(The Atlantic) As we untangle the ghastly attack just outside of Moscow, bear in mind three realities about politics in Russia.
First, some terrorist groups have a long-standing hatred of the Russians, and mass-casualty attacks in Russia’s cities are not new. Americans, scarred by 9/11, often think that they are the prime target of Islamist extremists, but over the past two decades, Russia has endured more mass-casualty terror attacks from Islamist extremists than the United States, including barbaric assaults on a school and a downtown Moscow theater. The most recent massacre is only one of a series of such attacks in Russia over the past 30 years.
Second, reliable information will be scarce for some time. The immediate Russian response in such circumstances is to clamp down on the media while government officials mostly dummy up, in part because people who may have been asleep at the switch will already be engaging in desperate ass-covering. And third, always remember that Russia and its useful idiots in the West will try to shift blame and obfuscate as much as possible as they try to blow the stench of failure away from Moscow.
Death Toll Rises to 133 in Moscow Concert Hall Attack
The Russian authorities said Saturday that they had arrested the four people who carried out a mass killing and arson at a suburban Moscow concert venue, which left at least 133 people dead in one of the worst terrorist attacks to jolt Russia in decades.
Rescuers have ended the search for survivors at the suburban Moscow concert venue where the attack took place, the governor of the Moscow region announced Saturday night. The death toll remains at 133, of which 50 have been identified, but the search for bodies will continue, the governor said.
The evening news reports on the Russian state network Channel One were dismissive of claims of responsibility for the attack by the Islamic State, instead suggesting the assault was a “false flag” operation by Ukraine and possibly the West.
Vladimir Putin begins Operation Blame Ukraine
The Kremlin senses an opportunity in the tragedy of Crocus City Hall
(The Economist today Sunday edition) Even—or especially—for an autocrat who just won a sham election, there is a risk of looking weak or wrong-footed after such a horrific event. Vladimir Putin, a spy by training, tends to stay out of the public eye when confronted by unexpected crises. …
This time, Mr Putin hopes to pin the blame for the Moscow attack on his foes in Ukraine. … An affiliate of Islamic State claimed responsibility for the attack, and it bore the group’s hallmarks. Russia has suffered from Islamist attacks on civilian targets before. Indeed, just a few weeks ago American intelligence warned of an imminent assault by such actors in Russia. Mr Putin dismissed their claims as blackmail.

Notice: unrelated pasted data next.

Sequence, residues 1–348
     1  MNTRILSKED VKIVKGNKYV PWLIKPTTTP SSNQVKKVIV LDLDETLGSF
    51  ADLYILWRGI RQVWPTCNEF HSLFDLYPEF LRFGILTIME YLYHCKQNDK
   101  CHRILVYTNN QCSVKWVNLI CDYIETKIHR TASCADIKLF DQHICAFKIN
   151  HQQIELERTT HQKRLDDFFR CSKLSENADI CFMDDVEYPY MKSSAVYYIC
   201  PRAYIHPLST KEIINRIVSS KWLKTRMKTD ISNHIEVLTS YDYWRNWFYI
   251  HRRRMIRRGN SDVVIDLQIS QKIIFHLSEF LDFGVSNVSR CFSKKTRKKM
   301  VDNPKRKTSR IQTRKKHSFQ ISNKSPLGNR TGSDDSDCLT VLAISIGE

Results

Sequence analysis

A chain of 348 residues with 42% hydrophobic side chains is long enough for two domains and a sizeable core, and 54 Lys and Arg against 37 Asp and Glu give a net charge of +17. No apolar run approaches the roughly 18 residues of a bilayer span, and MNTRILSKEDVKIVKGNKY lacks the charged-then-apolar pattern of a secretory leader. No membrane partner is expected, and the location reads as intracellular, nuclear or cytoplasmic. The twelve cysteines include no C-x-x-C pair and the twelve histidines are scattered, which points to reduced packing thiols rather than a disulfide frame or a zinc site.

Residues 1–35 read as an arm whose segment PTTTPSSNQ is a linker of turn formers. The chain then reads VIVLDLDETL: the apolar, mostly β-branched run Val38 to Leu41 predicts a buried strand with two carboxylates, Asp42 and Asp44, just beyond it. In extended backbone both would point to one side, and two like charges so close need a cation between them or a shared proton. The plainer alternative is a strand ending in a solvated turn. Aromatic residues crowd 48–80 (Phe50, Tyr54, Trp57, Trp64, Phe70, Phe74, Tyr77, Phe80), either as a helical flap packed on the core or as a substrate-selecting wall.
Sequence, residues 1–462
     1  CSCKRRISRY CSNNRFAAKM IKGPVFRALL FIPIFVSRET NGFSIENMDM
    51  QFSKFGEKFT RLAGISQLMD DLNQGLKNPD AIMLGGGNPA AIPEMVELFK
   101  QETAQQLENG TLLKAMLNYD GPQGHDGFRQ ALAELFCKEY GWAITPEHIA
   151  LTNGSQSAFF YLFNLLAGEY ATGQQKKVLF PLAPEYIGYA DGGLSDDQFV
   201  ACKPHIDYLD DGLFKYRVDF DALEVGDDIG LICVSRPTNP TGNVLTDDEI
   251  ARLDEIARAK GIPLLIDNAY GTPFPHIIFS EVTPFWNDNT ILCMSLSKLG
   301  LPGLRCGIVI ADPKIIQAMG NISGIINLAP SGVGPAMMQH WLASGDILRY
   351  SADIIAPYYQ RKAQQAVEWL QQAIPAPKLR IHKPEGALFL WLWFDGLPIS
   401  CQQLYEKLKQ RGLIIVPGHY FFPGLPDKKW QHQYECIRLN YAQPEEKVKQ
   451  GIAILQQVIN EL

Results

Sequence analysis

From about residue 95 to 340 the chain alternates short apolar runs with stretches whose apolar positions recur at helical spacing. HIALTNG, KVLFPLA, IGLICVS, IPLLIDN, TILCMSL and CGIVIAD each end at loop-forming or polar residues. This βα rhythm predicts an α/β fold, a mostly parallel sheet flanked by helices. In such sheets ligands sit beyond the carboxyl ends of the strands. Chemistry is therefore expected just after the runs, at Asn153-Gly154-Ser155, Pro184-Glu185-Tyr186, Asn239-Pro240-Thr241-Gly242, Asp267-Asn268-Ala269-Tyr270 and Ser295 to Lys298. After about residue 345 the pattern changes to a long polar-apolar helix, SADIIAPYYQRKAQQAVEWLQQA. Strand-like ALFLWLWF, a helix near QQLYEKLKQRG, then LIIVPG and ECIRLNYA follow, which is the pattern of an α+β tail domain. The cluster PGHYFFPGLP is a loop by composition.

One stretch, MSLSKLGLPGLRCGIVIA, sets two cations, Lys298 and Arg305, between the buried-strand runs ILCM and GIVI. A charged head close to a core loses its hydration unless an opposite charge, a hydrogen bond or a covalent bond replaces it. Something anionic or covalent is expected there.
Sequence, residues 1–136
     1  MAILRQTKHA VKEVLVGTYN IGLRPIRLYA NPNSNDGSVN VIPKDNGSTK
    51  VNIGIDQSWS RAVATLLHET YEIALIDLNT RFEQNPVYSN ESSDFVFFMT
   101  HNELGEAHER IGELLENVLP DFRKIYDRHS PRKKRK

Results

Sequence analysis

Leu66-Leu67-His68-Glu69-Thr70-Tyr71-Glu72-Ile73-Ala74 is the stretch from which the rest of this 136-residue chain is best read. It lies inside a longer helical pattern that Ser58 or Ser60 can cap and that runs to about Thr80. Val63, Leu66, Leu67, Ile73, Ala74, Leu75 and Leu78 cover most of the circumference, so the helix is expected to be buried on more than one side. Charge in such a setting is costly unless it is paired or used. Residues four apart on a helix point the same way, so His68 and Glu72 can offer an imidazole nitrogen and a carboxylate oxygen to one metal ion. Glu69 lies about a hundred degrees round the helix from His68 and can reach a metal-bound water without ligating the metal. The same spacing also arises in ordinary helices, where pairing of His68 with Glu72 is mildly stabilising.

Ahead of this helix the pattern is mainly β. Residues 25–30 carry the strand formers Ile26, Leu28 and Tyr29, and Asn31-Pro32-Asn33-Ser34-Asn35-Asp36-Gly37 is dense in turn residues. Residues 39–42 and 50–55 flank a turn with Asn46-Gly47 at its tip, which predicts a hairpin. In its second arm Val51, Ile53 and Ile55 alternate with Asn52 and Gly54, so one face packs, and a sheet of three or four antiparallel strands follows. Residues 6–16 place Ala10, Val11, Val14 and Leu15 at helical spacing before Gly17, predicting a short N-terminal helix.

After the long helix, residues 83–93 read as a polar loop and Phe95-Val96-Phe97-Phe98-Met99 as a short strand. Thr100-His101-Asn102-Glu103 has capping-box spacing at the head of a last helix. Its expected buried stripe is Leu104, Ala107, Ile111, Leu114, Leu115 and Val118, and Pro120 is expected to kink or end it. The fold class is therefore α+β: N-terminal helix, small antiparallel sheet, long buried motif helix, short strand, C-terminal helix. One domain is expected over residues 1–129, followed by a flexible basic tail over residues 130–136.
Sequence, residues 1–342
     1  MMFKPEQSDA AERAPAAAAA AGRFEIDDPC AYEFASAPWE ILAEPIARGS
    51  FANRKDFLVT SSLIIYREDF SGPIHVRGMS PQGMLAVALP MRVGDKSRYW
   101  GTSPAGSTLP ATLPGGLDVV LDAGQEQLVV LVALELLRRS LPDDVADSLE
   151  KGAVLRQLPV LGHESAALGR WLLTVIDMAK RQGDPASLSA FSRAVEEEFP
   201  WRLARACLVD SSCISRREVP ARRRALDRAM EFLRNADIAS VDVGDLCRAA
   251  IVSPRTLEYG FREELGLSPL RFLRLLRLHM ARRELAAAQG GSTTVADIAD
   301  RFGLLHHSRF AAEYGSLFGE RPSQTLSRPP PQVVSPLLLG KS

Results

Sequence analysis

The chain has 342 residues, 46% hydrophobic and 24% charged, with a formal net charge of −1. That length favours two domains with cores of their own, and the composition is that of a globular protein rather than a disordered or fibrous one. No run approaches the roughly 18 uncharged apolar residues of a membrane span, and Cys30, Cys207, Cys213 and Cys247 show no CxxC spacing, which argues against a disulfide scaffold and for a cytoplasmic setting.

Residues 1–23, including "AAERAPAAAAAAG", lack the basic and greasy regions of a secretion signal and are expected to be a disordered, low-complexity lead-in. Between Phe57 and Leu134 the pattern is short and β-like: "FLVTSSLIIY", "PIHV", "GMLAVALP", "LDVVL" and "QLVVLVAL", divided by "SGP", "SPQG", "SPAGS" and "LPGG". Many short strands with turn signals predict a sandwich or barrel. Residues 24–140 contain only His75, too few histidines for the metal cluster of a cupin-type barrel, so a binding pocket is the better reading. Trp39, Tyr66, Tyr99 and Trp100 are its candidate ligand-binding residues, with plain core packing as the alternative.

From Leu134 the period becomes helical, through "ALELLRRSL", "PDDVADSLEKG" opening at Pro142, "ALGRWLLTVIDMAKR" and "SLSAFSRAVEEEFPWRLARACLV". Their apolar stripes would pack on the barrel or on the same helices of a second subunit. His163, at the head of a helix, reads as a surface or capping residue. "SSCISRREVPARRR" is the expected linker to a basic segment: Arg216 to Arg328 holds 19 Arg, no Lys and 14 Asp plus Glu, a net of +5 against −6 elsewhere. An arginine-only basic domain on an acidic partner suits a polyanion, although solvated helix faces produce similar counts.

Moscow massacre sparks battle of blame
(Politico Eu) Islamic State’s claim of responsibility for Friday’s terror attack hasn’t halted the clash of accusations between Moscow and Kyiv over the killings.
Putin links Ukraine to Moscow massacre without evidence
The suspected gunmen “tried to hide and moved toward Ukraine,” Russian president says in televised address. Kyiv denies any involvement.
Gunmen Kill at Least 60 at Moscow Concert Hall, Russian Officials Say
U.S. officials said the Islamic State was responsible for the attack, one of the deadliest in Russia’s capital region in more than a decade.
(NYT) A branch of the Islamic State claimed responsibility, and U.S. officials confirmed the claim shortly afterward. The United States collected intelligence in March that Islamic State-Khorasan, known as ISIS-K, the branch of the group based in Afghanistan, had been planning an attack on Moscow, according to officials.
7 March –US Embassy advises its citizens to avoid large gatherings in Moscow through at least March 9 due to possible security threat: US Embassy advises its citizens in Moscow, Russia, to avoid large gatherings through at least March 9 due to possible extremist targeting.

22 March
At least 40 killed and more than 100 wounded in Moscow concert hall attack
Gunmen in combat gear opened fire and reportedly set off explosives at Crocus City Hall in city’s outskirts
(The Guardian) At least 40 people have been killed and more than 100 wounded according to unofficial reports in the worst terror attack in Russia in years, as gunmen in combat fatigues opened fire and detonated explosives in a big concert hall in the outskirts of Moscow.
Photos showed the Crocus City Hall engulfed in flames as videos emerged from the concert hall attack, showing at least four gunmen opening fire from automatic weapons as panicked Russians fled for their lives.

12-14 March
What to watch in this weekend’s Russian presidential “election”
GZERO Media’s “decision desk” is now ready to project that Vladimir V. Putin will be reelected president of Russia this weekend. We’re walking out on this limb because the Kremlin controls most media in Russia, any opposition candidate who might embarrass Putin is barred from running, and protests are not tolerated.